There is a peculiar familiarity to Donald Trump’s pitch for his useless vanity wall on the southern border. Anyone who has seen a classic film about smarmy con artists will recognize the scheme that Trump is employing. Essentially he is seeking to get paid many times over for a single item. None of the victims of this scam will receive anything of value for their money.
That’s precisely what Trump is doing. And he even reiterated it on Thursday morning as he left for a visit to the scene of the crime in Texas. His comments to the press swung between utterly dishonest and frighteningly incoherent. But in the end they were self-serving and disrespectful to the American people who suffer the burdens of his ignorance and hostility.
Trump ventures down to Texas to repeat his flagrant border wall lies.pic.twitter.com/fdyz56xKjh
— News Corpse (@NewsCorpse) January 10, 2019
Notable in this tantrum were Trump’s denials that he ever said that Mexico would pay for the wall directly. He seems to think that because he didn’t specify that Mexico would pay by check, that he never meant that they would be responsible for paying directly at all. But when you repeatedly ask your cult rally followers “Who’s gonna pay for the wall?” and then join them in responding that “Mexico will pay for the wall,” that has only one meaning.
Additionally Trump actually did make statements that Mexico would pay directly. In fact, they are still on his website in a PDF position statement that says: “It’s an easy decision for Mexico: make a one-time payment of $5-10 billion to ensure that $24 billion continues to flow into their country year after year. There are several ways to compel Mexico to pay for the wall.”
More to the point, Trump has been making the case that the wall is either already being paid for by Mexico, or soon will be, for some time. In fact, he says explicitly that the wall is being paid for “many, many times over.” Let’s take a look at these alleged remittances:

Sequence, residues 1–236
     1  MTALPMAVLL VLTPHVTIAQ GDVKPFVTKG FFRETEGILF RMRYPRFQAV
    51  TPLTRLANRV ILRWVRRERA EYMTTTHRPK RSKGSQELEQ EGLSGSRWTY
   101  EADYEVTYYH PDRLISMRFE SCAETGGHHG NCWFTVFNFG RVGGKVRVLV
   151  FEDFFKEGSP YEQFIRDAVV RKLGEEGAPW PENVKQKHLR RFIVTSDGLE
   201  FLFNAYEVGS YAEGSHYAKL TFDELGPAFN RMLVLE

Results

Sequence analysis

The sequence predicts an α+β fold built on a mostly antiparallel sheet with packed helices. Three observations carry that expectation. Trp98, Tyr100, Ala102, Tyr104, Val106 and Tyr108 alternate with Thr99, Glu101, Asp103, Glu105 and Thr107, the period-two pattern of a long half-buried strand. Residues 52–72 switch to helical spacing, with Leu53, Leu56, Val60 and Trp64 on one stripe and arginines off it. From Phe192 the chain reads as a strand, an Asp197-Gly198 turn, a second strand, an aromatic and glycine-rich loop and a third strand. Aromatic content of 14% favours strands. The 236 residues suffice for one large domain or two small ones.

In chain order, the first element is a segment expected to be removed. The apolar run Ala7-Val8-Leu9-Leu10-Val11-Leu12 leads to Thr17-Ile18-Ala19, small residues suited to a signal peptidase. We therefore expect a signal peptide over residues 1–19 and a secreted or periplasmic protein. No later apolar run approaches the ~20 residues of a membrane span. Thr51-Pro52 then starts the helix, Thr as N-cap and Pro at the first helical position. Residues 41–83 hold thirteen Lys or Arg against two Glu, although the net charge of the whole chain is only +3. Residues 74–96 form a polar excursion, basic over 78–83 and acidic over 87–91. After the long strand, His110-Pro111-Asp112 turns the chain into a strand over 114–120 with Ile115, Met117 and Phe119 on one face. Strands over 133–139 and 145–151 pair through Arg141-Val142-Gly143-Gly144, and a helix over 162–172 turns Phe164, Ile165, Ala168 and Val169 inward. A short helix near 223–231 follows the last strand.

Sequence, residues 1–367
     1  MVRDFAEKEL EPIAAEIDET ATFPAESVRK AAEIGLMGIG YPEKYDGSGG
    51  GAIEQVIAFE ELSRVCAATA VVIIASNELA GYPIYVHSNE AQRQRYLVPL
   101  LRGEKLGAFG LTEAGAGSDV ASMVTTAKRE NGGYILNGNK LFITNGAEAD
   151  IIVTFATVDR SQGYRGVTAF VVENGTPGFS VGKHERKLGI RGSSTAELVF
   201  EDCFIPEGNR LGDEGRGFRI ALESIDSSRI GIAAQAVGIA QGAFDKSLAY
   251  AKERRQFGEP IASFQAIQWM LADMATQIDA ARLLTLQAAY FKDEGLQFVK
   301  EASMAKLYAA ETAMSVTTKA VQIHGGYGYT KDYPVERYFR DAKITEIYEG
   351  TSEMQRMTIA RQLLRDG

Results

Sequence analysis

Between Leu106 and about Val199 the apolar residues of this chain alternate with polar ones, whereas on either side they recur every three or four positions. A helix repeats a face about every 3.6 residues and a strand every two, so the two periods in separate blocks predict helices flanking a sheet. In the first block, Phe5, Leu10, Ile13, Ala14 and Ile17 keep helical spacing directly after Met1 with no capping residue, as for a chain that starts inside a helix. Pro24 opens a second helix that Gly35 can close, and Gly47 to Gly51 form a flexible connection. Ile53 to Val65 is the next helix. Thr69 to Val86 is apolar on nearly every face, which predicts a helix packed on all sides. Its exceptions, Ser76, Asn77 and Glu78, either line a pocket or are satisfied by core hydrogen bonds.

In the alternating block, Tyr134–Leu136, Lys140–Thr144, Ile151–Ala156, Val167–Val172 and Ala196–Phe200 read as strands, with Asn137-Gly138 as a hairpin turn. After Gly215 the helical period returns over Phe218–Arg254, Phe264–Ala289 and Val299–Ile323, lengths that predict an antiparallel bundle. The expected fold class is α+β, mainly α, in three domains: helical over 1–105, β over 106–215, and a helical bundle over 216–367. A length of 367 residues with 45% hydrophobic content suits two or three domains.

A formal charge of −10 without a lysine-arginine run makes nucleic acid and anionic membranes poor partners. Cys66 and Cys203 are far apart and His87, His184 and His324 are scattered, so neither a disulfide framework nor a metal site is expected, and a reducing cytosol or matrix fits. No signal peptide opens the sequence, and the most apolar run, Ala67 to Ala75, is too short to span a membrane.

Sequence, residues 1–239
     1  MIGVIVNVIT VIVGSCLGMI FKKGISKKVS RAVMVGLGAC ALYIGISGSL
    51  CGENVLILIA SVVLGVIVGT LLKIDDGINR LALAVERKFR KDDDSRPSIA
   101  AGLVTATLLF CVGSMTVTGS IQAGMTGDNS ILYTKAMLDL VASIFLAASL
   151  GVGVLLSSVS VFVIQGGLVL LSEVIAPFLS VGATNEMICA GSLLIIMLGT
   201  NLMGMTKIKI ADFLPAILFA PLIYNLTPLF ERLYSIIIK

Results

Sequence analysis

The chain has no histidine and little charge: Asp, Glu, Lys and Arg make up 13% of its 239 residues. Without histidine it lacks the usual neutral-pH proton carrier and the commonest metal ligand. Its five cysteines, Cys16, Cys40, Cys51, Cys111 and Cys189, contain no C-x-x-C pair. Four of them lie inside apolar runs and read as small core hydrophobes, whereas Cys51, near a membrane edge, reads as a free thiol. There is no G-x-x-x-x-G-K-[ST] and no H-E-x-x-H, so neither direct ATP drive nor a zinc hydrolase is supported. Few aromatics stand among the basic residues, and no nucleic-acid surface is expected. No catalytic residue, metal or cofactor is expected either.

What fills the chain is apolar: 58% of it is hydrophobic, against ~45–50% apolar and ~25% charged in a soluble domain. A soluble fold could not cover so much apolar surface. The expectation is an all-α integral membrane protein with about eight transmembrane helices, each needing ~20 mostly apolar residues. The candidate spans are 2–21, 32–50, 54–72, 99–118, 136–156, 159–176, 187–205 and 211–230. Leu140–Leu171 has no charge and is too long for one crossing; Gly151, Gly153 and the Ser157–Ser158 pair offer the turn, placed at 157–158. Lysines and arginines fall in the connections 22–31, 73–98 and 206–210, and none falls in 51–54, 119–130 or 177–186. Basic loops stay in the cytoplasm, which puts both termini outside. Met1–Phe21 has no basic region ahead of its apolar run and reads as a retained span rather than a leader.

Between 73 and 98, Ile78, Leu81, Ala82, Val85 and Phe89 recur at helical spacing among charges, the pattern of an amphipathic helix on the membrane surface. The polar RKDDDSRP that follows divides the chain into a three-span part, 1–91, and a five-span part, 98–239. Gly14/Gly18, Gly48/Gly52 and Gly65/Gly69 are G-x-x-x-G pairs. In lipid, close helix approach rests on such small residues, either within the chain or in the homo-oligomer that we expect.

Trump: “If we had the wall we would have tremendous savings. I really believe the barrier or wall would pay for itself every three or four months, and maybe even better than that.”
Here Trump is implying that savings from law enforcement activities amounts to payment for the wall. Of course those savings are in no way the result of any payments received from Mexico, directly or otherwise. What’s more, if Trump thinks that his wall is going to eliminate drug trafficking, and the costs associated with it, he’s dumber than we thought. After all, ninety percent of illegal drugs come into the country through legal ports of call. And by the way, so do most undocumented immigrants. His wall doesn’t address any of that. But then there’s also this:
Trump: “When I said Mexico will pay for the wall in front of thousands and thousands of people, obviously they’re not gonna write a check, but they are paying for the wall indirectly many, many times over by the really great trade deal we just made.”
No, they aren’t. That isn’t how trade deals work. Mexico pays nothing via these deals. It is the private businesses on both sides of the border who incur both the costs and benefits as stipulated in the agreement.
The problem with Trump’s arguments is that he’s admitting to financial fraud. It is illegal to request and receive payments from multiple sources for a single product. For instance, you can’t sell your car to six different people, collect all their money, and leave town. But the history of Trump’s remarks on payment for the wall indicate that he’s seeking compensation directly from Mexico, and also via law enforcement savings, and also by businesses engaged in trade. And finally by the American people, who he’s holding hostage to his ludicrous demands by shutting down the government.
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That’s at least four payees for a single wall. How many times does he want to get paid for this boondoggle? And who’s getting all the extra money? And why is he even asking American citizens to foot the bill – and suffer the Trump Shutdown – when he says he has already secured payment?
The answers to these questions are likely out of reach because Trump will never provide them, or he will engage in a rambling, incomprehensible filibuster until people stop asking. But the bottom line is that, by his own admission, there is no need to get funds from taxpayers, and Trump’s efforts to do so are both immoral and unlawful.